ND program aids caregivers who care for children when their parents can’t

LuWanna Lawrence
Special to Devils Lake Daily Journal

NORTH DAKOTA  – Every day grandparents, aunts, uncles, cousins, family friends, and other significant adults open their homes and provide care and stability informally to children and youth whose parents are unable to care for them. The North Dakota Department of Human Services’ Kinship-ND program helps caregivers with immediate short-term needs and connects them to other existing financial resources, programs, services and other support.

“According to the U.S. Census Bureau, about four percent of the children in our country live in households that do not include their parents,” said Kinship-ND project navigator Christiana Pond. “The grandparents and other adults with significant relationships with the children who assume the caregiving role make it possible for children to maintain family and community connections. This is important for child well-being.”

This past year, the Kinship-ND program assisted 243 caregivers in North Dakota who were caring for 448 children. About half of the caregivers were grandparents.

The top needs last year were financial help, food and supplies, and child care, Pond said.

When children join a household, finding room in a budget for their needs can be a challenge. The Kinship-ND program can reimburse caregivers up to $500 for groceries, and up to $300 per child for clothing and other supplies needed when a child moves in.

Kinship-ND does not replace existing public assistance programs such as the Supplemental Nutrition Assistance Program, or the Temporary Assistance for Needy Families (TANF) Kinship Care, which provides ongoing financial help to qualifying households. Some caregivers may qualify for both Kinship-ND and the TANF Kinship Care programs.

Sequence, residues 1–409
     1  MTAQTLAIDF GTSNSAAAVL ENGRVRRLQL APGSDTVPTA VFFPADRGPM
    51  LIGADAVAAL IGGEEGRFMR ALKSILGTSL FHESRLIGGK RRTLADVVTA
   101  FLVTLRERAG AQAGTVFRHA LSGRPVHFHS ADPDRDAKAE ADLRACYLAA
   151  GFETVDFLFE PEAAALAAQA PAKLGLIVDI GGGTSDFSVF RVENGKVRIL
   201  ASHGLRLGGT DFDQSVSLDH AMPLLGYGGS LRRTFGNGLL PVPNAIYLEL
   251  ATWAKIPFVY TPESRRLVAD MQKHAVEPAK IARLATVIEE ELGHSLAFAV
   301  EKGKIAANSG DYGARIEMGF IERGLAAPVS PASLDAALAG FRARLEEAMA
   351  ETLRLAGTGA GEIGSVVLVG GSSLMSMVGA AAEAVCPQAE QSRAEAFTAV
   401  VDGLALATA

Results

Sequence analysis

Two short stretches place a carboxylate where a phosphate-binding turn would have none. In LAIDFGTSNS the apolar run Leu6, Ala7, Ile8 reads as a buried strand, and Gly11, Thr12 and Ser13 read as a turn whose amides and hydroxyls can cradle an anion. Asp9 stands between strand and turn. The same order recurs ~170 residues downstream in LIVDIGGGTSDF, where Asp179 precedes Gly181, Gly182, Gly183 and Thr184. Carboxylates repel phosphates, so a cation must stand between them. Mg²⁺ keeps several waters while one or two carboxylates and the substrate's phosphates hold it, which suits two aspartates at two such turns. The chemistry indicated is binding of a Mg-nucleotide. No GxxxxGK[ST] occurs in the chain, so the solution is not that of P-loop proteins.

To participate, caregivers do not have to be working with a human service zone or tribal social service office. Caregivers can learn more at www.KinshipND.com or by contacting Pond at 701-328-1453, 711 (TTY) or kinship@nd.gov.

Pond said her work supports a key department priority: strong, stable families, by helping grandparents and other relative caregivers navigate the maze of programs and services and address unique needs. For example, caregivers may need information on establishing legal guardianship, budgeting for the added needs of children, understanding an Individual Education Plan or other educational supports, or connecting to licensed child care.

To participate, caregivers do not have to be working with a human service zone or tribal social service office. Caregivers can learn more at www.KinshipND.com or by contacting Pond at 701-328-1453, 711 (TTY) or kinship@nd.gov.

The households participating in the program have included children of all ages; 42% of the children were age 5 and younger, 27% were ages 6 to ten, and 31% were ages 11 to 17.

Kinship-ND program can reimburse caregivers up to $500 for groceries, and up to $300 per child for clothing and other supplies needed when a child moves in.

Licensed foster parents who are related to a child in their care do not qualify for financial help through the Kinship-ND program, but instead receive financial reimbursement for care-related costs through North Dakota’s foster care program.

The Kinship-ND program is funded through the federal Children’s Bureau and authorized in the 2018 federal Family First Prevention Services Act. The Kinship-ND program started providing navigator services and offering short-term financial help to North Dakotans in March 2021.